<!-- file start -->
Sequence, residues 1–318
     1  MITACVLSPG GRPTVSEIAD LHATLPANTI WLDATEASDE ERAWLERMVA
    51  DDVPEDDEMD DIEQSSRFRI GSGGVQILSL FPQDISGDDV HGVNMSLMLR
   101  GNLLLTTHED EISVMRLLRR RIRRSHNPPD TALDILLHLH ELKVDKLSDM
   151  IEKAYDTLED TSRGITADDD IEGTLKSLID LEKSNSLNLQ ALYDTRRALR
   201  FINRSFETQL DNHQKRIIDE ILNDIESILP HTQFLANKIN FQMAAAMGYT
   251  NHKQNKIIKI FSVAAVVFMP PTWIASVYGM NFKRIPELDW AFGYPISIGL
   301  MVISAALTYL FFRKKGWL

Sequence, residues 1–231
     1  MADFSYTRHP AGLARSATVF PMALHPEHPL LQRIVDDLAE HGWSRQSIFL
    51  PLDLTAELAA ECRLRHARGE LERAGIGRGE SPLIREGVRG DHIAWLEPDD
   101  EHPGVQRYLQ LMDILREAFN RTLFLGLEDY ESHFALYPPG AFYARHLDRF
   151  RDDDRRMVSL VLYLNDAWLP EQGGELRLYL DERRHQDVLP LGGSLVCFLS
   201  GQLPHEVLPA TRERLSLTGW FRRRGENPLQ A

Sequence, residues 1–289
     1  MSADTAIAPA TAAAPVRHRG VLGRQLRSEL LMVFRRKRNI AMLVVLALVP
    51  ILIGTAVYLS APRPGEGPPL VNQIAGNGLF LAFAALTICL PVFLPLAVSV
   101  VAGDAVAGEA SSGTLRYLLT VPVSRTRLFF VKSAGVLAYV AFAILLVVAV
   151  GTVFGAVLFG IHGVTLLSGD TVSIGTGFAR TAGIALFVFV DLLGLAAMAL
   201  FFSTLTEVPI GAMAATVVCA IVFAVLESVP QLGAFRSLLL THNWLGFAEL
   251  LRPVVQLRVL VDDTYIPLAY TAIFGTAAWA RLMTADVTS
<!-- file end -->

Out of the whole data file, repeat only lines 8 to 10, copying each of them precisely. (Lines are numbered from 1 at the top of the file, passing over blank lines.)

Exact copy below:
   301  MVISAALTYL FFRKKGWL

Sequence, residues 1–231
     1  MADFSYTRHP AGLARSATVF PMALHPEHPL LQRIVDDLAE HGWSRQSIFL